Carnivora.—These are fairly represented. Two species of Felis as large as a lion; the equally large extinct Trucifelis, found only in Texas ; four species of Canis, some of them larger
than wolves ; two species of Galera, a genus now confined to the Neotropical region; two bears, and an extinct genus, Arctodus; an extinct species of racoon (Procyon), and an allied extinct genus, Mycophagus-show, that at a very recent period North America was better supplied with Carnivora than it is now. Remains of the walrus (Trichechus) have also been found as far south as Virginia.
Cetacea. Three species of dolphins belonging to existing genera, have been found in the Eastern States ; and two species of Manatus, or sea-cow, in Florida and South Carolina.
Ungulata.—Six extinct horses (Equus), and one Hipparion ; the living South American tapir, and a larger extinct species; a Dicotyles, or peccary, and an allied genus, Platygonus ; a species of the South American llamas (Auchenia), and one of a kind of camel, Procamelus; two extinct bisons ; a sheep, and two musksheep (Ovibos); with three living and one extinct deer (Cervus), show an important increase in its Herbivora.
Proboscidea.-Two elephants and two mastodons, added to this remarkable assemblage of large vegetable-feeding quadrupeds.
Rodentia.—These consist mainly of genera and species still living in North America; the only important exceptions being a species of the South American capybara (Hydrochorus) in South Carolina; and Praotherium, an extinct form of hare, found in a bone cave in Pennsylvania.
Edentata.--Here we meet with a wonderful assemblage, of six species belonging to four extinct genera, mostly of gigantic size. A species of Megatherium, three of Megalonyx, and one of Mylodon-huge terrestrial sloths as large as the rhinoceros or even as the largest elephants—ranged over the Southern States to Pennsylvania, the latter (Mylodon) going as far as the great lakes and Oregon. Another form, Ereptodon, has been found in the Mississippi Valley.
Marsupialia.—The living American genus of opossums, Didelphys, has been found in deposits of this age in South Carolina.
Remarks on the Post-Pliocene fauna of North America. The assemblage of animals proved, by these remains, to have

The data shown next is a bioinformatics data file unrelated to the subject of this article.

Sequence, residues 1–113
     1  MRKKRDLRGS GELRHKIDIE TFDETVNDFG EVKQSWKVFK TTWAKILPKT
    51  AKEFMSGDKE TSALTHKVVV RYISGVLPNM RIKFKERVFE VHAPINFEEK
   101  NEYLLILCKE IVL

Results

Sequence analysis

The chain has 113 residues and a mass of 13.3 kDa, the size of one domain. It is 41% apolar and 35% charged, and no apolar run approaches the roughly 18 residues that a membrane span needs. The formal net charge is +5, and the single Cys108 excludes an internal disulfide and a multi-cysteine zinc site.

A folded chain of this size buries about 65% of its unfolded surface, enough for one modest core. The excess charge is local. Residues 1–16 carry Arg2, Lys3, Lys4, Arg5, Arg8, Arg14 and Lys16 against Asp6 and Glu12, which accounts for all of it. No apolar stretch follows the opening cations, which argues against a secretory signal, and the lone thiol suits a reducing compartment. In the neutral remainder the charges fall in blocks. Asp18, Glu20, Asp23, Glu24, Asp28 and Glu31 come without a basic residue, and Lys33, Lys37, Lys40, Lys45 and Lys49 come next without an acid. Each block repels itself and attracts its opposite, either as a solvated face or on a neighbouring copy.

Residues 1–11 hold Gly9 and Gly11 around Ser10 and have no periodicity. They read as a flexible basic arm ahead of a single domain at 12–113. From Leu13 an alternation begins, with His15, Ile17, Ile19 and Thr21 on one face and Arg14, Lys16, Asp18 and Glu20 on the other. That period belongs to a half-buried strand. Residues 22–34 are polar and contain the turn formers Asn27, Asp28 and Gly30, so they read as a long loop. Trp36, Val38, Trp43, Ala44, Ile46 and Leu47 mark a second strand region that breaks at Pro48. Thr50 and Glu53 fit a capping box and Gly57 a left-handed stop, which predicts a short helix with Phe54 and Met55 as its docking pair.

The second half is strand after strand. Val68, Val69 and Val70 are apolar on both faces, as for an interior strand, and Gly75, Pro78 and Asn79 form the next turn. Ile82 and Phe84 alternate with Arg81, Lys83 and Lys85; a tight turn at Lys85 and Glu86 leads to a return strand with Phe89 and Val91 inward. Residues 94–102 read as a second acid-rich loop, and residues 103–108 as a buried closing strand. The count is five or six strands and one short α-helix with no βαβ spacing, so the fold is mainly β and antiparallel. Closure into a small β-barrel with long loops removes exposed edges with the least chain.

inhabited North America at a comparatively recent epoch, is most remarkable. In Europe, we found a striking change in the fauna at the same period; but that consisted almost wholly in the presence of animals now inhabiting countries immediately to the north or south. Here we have the appearance of two new assemblages of animals, the one now confined to the Old World—horses, camels, and elephants; the other exclusively of South American type—llamas, tapirs, capybaras, Galera, and gigantic Edentata. The age of the various deposits in which these remains are found is somewhat uncertain, and probably extends over a considerable period of time, inclusive of the Glacial epoch, and perhaps both anterior and subsequent to it. We have here, as in Europe, the presence and apparent co-existence in the same area, of Arctic and Southern forms—the walrus and the manatee the musksheep and the gigantic sloths. Unfortunately, as we shall see, the immediately preceding Pliocene deposits of North America are rather poor in organic remains; yet it can hardly be owing to the imperfection of the record of this period, that not one of the South American types above numerated óccurs there, while
a considerable number of Old World forms are represented. · Neither in the preceding wonderfully rich Miocene or Eocene
periods, does any one of these forms occur; or, with the exception of Morotherium, from Pliocene deposits west of the Rocky Mountains, any apparent ancestor of them! We have here unmistakable evidence of an extensive immigration from South into North America, not very long before the beginning of the Glacial epoch. It was an immigration of types altogether new to the country, which spread over all the southern and central portions of it, and established themselves sufficiently to leave abundance of remains in the few detached localities where they have been discovered. How such large yet defenceless animals as tapirs and great terrestrial sloths, could have made their way into a country abounding in large felines equal in size and destructiveness to the lion and the tiger, with numerous wolves and bears of the largest size, is a great mystery. But it is nevertheless certain that they did so ; and the fact that no such •